Exile in Formosa has not changed the essential character of the Kuomintang regime . . .

Oral Statement: Viscount Elibank
Date: December 21, 1955
Subject: The International Situation

VISCOUNT ELIBANK . . . . . Let us see what is the present position in Formosa, an island to which I was first introduced when I landed on it after being wrecked in a typhoon on the other side of the Formosa Straits. An article, again in the Sunday Times of March 13, 1955, includes a description of Formosa by Mr. Iain Lang, a gentleman who has a great knowledge of the Pacific. He called it, "Isle of Make-Believe." Knowing the island, and having a little knowledge of the position that obtains there to-day, I feel that this article gives a graphic description of Formosa and its problems.

Mr. Lang wrote this: Formosa is indeed an island of make-believe. A fragment of 13,000 square miles making believe that it is 'the Republic of China.' A Police State making believe that it is a 'bastion of democracy in the Far East.' Its army of 300,000 men makes believe that it is preparing to recapture the Chinese mainland from Mao Tse-tung's massed millions. However, one or two hard certainties do emerge from this amorphous background. One is that exile has not changed the essential character of the Kuomintang regime -- That regime, as noble Lords will remember, was set up to carry out the ideas of the late Dr. Sun Yat-sen, who was the principal initiator and carrier-through of the Revolution of 1911. The regime was taken over in 1924 by Chiang Kai-shek, whose ideas differed somewhat from those of Mao Tse-tung, who finally broke away from him and marched north -- though it has modified some of its grosser abuses. Unlike the Bourbons, Chiang Kai-shek has learned something, but, like them, he has forgotten nothing. He is still the same kind of Oriental despot as he was in pre-revolutionary China, and still relies on the same political techniques as he did in Chungking and Nanking. My Lords, I will not bother you by reading any more of this article but it seems to me to give a very graphic description of Formosa as it is to-day.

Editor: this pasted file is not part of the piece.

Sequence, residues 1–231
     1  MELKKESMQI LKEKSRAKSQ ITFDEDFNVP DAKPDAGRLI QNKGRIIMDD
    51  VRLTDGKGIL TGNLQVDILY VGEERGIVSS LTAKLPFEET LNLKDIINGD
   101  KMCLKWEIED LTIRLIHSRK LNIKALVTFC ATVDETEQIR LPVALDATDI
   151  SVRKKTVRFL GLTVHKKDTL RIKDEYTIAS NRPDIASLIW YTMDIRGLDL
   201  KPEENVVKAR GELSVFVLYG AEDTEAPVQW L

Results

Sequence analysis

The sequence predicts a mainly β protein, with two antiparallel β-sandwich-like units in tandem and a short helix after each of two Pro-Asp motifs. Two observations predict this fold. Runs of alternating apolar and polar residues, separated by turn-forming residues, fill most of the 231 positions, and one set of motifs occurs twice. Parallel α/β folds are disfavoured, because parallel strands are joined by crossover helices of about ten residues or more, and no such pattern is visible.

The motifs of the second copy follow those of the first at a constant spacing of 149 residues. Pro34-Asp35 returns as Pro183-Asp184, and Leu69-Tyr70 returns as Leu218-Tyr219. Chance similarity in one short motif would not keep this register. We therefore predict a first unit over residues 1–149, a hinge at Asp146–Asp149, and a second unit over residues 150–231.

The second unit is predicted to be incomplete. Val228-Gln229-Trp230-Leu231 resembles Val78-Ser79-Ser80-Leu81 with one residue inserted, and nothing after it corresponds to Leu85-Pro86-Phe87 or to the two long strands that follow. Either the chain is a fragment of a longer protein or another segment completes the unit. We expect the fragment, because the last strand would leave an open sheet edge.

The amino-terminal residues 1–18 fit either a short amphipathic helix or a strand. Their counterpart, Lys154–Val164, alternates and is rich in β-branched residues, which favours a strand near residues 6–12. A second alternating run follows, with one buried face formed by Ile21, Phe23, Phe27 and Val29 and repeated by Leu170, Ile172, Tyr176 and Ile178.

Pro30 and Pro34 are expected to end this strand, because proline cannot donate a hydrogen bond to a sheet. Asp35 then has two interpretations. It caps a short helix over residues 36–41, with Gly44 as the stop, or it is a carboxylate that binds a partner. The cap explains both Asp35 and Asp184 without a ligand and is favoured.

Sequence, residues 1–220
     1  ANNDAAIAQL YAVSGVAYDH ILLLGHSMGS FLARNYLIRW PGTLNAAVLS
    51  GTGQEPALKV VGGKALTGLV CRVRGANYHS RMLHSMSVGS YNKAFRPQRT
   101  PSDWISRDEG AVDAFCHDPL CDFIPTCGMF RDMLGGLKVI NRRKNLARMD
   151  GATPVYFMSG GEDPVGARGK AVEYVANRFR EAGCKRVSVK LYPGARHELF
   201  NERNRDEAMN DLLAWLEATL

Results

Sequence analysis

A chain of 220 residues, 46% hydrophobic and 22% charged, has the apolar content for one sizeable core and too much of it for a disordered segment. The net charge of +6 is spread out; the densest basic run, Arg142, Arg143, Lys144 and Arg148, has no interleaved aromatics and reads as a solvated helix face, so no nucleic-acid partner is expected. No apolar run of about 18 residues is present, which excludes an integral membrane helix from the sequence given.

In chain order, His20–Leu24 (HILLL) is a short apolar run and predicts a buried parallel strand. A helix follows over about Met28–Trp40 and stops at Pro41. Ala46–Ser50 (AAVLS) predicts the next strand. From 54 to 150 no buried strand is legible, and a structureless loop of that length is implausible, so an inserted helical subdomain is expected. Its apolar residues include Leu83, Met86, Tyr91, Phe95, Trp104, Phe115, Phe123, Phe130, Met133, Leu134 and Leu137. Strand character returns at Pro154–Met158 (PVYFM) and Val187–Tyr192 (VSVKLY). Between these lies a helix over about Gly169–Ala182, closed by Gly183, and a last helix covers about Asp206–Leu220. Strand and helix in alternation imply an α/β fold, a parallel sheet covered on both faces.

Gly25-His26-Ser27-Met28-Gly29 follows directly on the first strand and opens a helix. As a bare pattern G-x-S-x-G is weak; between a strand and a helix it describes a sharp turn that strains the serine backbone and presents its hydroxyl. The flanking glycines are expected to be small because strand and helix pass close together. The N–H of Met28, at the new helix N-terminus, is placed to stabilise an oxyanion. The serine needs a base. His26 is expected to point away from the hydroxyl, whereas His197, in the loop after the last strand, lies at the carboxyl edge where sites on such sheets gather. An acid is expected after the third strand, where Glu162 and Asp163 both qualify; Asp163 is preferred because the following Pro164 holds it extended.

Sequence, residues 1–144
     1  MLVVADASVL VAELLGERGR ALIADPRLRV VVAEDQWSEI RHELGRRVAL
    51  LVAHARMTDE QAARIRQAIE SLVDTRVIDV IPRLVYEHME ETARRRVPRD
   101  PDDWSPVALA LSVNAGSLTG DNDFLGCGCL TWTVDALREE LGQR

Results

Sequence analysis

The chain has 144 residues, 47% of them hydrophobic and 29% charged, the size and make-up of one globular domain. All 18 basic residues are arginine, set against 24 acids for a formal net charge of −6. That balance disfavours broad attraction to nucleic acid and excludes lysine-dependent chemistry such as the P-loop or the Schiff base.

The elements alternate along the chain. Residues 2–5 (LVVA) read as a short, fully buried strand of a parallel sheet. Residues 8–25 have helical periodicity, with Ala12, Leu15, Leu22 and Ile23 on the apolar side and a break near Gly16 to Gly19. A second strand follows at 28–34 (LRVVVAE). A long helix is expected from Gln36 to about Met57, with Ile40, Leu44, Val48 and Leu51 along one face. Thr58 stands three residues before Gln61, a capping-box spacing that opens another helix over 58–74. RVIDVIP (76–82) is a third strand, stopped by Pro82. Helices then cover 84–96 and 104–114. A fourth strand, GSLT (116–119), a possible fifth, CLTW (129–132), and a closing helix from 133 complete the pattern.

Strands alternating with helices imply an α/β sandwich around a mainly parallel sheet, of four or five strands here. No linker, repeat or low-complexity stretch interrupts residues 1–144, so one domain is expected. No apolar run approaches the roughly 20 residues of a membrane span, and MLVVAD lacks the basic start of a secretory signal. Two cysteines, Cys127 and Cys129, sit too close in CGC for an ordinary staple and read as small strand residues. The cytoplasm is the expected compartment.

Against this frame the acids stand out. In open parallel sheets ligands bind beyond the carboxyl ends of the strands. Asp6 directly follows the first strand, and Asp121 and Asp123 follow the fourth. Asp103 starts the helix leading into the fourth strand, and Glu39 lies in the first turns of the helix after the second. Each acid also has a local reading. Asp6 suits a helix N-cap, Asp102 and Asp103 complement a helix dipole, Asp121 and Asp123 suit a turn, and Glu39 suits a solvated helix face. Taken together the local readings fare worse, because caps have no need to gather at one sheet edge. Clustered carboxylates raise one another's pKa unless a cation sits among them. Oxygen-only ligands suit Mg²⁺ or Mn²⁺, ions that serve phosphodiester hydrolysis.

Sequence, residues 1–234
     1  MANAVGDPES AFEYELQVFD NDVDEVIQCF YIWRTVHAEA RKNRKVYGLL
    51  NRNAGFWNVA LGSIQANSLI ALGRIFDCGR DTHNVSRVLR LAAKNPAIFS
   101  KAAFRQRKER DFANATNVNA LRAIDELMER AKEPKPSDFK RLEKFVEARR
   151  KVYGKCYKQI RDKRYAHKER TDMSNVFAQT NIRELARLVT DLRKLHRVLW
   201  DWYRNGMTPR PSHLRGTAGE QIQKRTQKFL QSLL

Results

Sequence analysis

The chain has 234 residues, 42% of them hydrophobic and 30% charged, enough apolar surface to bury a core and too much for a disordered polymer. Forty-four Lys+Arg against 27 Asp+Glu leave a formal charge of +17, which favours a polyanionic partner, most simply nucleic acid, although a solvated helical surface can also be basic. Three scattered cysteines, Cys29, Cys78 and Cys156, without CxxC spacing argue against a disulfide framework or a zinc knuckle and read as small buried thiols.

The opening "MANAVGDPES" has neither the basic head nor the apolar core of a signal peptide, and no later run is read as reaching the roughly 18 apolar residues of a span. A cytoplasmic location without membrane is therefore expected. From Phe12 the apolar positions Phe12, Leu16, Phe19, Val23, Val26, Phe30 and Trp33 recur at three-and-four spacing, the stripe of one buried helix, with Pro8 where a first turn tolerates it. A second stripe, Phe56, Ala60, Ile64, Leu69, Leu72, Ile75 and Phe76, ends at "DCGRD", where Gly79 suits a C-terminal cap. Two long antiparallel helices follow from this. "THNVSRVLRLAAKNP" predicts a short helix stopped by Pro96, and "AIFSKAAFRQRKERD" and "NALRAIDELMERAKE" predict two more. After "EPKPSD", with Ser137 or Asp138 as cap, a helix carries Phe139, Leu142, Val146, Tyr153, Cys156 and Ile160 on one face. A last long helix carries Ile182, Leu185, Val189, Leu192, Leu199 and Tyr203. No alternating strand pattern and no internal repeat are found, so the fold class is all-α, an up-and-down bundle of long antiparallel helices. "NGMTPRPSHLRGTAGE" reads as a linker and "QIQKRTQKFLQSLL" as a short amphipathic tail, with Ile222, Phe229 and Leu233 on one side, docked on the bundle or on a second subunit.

[ source: HANSARD 1803 - 2005 / Lords Sitting, 21 December 1955   vol 195   cc425-46 ]

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